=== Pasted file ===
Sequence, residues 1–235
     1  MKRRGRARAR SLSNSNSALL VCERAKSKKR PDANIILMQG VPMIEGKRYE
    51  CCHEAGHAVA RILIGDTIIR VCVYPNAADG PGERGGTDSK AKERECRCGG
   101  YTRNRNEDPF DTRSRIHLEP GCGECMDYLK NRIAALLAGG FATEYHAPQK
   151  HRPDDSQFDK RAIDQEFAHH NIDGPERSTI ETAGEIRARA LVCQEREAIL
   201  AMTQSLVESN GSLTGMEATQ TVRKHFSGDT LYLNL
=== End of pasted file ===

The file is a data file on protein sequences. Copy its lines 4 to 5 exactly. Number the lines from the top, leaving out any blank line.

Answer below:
   101  YTRNRNEDPF DTRSRIHLEP GCGECMDYLK NRIAALLAGG FATEYHAPQK
   151  HRPDDSQFDK RAIDQEFAHH NIDGPERSTI ETAGEIRARA LVCQEREAIL